The Clarity Principle couldn't have landed on my desk at a better time. We've been discussing a new "mission statement" for 800-CEO-READ, one that reflects our purpose as well as the product. This book gives us plenty of guidance as The Clarity Principle aims to "illuminate how difficult it is to define your business, the costs you incur when you fail to clarify your purpose, and the tremendous gains to be won by succeeding in that effort.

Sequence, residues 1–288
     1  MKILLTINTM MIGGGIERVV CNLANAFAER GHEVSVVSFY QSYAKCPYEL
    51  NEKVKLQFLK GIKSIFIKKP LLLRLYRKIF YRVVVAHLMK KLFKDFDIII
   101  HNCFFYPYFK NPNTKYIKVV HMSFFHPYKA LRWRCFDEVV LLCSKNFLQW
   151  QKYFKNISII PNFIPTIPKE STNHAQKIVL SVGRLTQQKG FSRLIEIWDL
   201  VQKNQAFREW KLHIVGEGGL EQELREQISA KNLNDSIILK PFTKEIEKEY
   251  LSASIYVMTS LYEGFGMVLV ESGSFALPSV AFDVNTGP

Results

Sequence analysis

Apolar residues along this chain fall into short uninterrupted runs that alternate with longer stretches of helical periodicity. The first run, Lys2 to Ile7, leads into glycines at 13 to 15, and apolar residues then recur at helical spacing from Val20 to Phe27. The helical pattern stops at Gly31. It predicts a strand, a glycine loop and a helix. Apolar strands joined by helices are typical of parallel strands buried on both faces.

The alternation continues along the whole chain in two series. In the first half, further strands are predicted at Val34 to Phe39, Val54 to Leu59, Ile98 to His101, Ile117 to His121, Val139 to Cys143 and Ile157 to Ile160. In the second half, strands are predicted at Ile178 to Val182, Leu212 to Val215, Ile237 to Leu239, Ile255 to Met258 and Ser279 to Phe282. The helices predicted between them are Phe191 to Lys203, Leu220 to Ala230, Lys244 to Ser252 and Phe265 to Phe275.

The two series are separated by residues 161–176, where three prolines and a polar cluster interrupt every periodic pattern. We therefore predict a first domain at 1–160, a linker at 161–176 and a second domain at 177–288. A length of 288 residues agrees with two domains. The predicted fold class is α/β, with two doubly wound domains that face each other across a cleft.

Every company, including yours, exists for a reason. Every business has a purpose. Even if your organization's objective is to make money, the way it endures is by solving a particular kind of problem in the world. Whether you are a pharmaceutical carving out a unique way to treat patients, a nonprofit serving a worthy constituency, or a global retailer satisfying a particular consumer desire, your market, your customers, and the people in your organization all need to know clearly what the business is about. Just like individuals, companies need to know "who" they are, what they're up to, and why it matters. [B]usinesses that clearly understand and express their purpose outperform those that don't. Clarity of purpose, I'll argue, is a competitive imperative. It's also an existential one. Purpose, and the identity it conveys, is the lifeblood of the organization. It's what gives a business its driving motive and cohering storyline.First, the book takes a look at "Proxy Wars" and Sullivan uses a story embedded in the early days of Apple to investigate "the complicated experiences we have with colleagues in our business, and the confusing political and personal machinations we encounter at every level" which tend to reflect "the larger, more central, problems in the business." Then readers will move to chapters "The Murky Middle," which delves into dilemmas and the dangers of "decision-making paralysis," and to "Neither Fish Nor Fowl," which warns that a "business can be one thing or another but will invariably suffer when it tries to be too many things at once." The irrationality of people is a popular topic in business writing these days, and is often geared toward illuminating the ways in which expectations or assumptions fail us. Sullivan's chapter titled "The Shadow Side of Strategy" also notes that rationality is a rare thing in business (and provides research to defend the position), but also argues interestingly that it is the impermanence of strategy that leads to more reliance on the "soft stuff" of business. You can't always know what's going to happen in the long term, but you can focus day-to-day on maintaining internal company health. It's a bit zen, this. "Taking a Stand" is Sullivan's chapter on the importance of developing a fundamental purpose for your organization from a more practical (financial, developmental, strategic) angle, and "The Hunger for Purpose" is an exploration of the role of purpose in the human work experience. "The meaning we gain from purpose provides orientation and intelligibility; it also motivates. Meaning is the inner experience of being inspired by purpose." Sullivan concludes with an epilogue that encourages us all to be vigilant and resolve small issues before they escalate into unsolvable problems. All around, The Clarity Principle is a quick and stimulating read that will have you analyzing both your own behavior and that of your employees and leaders with the end goal of improving organizational health.